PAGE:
He added: “If you had the choice to go to the workplace or as a customer go to a store that said,“ All of our employees are vaccinated or tested, ”or another store that says,“ We don’t know who is vaccinated or tested, which would you choose? This is why, say, department store Acme does not want to advertise, which promotes bad public policy. “
Many employers in industries such as retail, which have introduced mandatory vaccines in corporate offices, did not require vaccines for their immediate employees, sharing concerns about recruitment problems. But these workers, including about four million in stores, are among the most vulnerable. They often interact with the public and are less likely to be vaccinated themselves. The mandates of Tyson, United Airlines, and several healthcare companies show that when faced with the prospect of losing their jobs, vaccinations are the most common choice for employees.
“We know the vaccine requirements are working,” said Kevin Muñoz, a White House spokesman. “The federal government, the nation’s largest employer, has successfully met its demand by increasing vaccinations and avoiding operational disruptions.”
Status of vaccine mandates in the United States
An increasing number of employers, universities and businesses are now imposing some form of vaccine requirement. Let’s take a closer look.
However, companies demanding the vaccine face protests or lawsuits. In some states, lawsuits have been referred to prevent this. Disney, for example, suspended a mandate for Disney World employees in Florida after employers in the state became illegal to require employees to take pictures.
Covid-19 panic and precautions have surfaced in retail stores throughout the pandemic and trapped their workers.
First, there was a gap between critical and non-essential businesses, prompting chains such as Guitar Center and Dillard’s to say they needed to stay open – and retain their employees – despite the escalating public health crisis. Workers were at the forefront of controversy over mask demands and later on the use of masks. Retail chains such as REI have been criticized for failing to inform employees about Covid cases in stores. In many states, grocery store workers have not been given priority access to vaccines.
“During the pandemic, we saw self-serving messages from employers who prioritize profitability over the health and safety of their employees,” said Mr Applebaum. “They have the misconception that it is better to take certain actions to make a profit.”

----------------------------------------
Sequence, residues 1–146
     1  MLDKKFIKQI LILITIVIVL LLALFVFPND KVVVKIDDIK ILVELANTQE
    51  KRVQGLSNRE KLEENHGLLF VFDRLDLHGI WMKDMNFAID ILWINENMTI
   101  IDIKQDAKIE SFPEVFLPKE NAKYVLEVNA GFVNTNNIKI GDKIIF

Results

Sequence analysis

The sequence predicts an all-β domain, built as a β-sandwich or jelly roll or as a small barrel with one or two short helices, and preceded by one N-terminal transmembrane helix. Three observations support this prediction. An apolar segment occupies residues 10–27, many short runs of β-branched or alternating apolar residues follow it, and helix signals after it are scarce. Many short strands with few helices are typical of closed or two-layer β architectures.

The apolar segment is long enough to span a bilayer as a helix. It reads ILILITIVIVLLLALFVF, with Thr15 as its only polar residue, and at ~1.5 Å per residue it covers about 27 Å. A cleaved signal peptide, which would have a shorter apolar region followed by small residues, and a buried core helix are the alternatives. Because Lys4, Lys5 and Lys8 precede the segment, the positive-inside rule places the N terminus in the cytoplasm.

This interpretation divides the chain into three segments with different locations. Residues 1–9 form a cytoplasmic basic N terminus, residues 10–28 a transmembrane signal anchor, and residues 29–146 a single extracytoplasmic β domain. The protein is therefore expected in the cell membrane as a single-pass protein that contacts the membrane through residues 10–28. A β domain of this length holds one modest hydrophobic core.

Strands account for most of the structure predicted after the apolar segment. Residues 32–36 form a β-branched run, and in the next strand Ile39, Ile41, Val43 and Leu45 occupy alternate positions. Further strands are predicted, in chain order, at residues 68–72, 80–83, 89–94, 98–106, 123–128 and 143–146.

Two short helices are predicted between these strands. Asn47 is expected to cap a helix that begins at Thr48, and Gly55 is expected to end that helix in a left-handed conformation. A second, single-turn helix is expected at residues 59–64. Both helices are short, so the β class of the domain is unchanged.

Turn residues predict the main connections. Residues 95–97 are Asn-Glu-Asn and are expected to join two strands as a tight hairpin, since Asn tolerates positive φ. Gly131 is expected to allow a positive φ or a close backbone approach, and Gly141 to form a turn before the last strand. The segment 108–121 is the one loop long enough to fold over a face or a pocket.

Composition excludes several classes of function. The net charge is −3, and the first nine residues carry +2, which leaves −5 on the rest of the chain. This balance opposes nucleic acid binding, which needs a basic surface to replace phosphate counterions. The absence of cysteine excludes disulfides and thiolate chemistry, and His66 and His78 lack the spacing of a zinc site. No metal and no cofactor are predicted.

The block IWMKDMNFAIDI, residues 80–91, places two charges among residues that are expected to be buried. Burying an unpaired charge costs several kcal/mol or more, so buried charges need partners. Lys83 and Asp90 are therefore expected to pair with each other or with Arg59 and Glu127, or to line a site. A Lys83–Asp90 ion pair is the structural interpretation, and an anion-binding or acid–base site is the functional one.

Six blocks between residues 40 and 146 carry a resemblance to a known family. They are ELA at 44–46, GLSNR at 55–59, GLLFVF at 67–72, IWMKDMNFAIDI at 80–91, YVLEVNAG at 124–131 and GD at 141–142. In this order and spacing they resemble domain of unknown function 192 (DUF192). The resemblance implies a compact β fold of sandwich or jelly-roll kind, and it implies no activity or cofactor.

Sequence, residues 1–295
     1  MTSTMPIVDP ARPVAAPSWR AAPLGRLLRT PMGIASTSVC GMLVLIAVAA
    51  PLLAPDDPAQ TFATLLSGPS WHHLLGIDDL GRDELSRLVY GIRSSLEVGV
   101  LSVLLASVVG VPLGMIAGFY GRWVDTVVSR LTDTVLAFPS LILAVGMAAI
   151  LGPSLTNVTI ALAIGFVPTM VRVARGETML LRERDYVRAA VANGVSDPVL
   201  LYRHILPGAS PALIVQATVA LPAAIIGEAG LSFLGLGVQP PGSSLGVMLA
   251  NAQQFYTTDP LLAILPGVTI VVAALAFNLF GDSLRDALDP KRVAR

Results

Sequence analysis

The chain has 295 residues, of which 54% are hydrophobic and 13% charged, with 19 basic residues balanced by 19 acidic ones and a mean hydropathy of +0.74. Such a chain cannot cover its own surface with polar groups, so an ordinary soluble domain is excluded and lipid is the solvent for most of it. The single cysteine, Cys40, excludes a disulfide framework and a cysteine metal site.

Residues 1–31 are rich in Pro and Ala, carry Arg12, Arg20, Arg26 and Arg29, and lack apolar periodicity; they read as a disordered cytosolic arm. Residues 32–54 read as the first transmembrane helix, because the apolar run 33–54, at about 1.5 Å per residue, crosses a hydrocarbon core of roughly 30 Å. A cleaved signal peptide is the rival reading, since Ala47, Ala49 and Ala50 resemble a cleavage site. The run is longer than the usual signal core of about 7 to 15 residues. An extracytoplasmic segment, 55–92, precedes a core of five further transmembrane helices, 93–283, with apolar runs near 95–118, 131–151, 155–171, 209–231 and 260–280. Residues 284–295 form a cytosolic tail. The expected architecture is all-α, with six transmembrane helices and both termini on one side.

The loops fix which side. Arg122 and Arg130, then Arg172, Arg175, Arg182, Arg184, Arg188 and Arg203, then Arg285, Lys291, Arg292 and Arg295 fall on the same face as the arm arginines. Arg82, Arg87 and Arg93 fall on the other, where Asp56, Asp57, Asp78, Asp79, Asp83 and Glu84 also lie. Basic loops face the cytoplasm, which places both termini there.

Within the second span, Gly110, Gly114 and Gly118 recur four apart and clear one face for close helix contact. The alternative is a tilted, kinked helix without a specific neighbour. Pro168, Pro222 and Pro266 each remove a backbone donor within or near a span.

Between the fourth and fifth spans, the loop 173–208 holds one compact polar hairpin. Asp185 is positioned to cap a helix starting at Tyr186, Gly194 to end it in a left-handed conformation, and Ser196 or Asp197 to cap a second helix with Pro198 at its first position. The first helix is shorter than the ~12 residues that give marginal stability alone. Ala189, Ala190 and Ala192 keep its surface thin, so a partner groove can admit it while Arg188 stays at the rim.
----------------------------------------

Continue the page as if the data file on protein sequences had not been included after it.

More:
Throughout the pandemic, business has thrived for some of the largest retailers like Target and Walmart. And while they continue to face rising prices and supply chain congestion, executives recently noted that pressure on staff has eased.
“We’re very pleased with our staff ahead of the holidays,” Brian Cornell, CEO of Target, told CNBC last week. He added that the company’s retention rates were “among the highest in our history,” which he attributed to benefits and safety measures.
Retailers are betting that shoppers will be comfortable shopping in stores that already have higher traffic than in 2020, regardless of the industry’s efforts to combat new vaccination and testing requirements. And for those concerned about a lack of vaccinations, companies expanded their e-commerce last year and limited pick-up offers, although in-store purchases often result in more purchases and fewer returns.
When asked what Macy’s will tell concerned customers about shopping in stores, Gennett replied, “I would say we encourage all of our colleagues to get vaccinated and every colleague wears a mask in our stores and warehouses to protect themselves and others. … “
Last week, a number of medical groups and experts, including the American Medical Association and the American College of Physicians, issued a statement pleading with companies to abide by Labor Department regulations.
“The hope was to give business leaders some perspective to remind them that this is not a political issue,” said Dr. Ashish Q. Jha, dean of the Brown University School of Public Health, who was one of the signatories. Dr. Jha said it is important for companies across all industries to follow the rule, noting that retailers have a special role to play given the nature of their employee base. He said these measures should be taken during the holiday season, not after, especially when the number of cases is expected to rise.
“Do they really want to be the best places during the holiday season and be held accountable for their employees getting sick and for their employees spreading the disease to their customers?” – said Dr. Jah.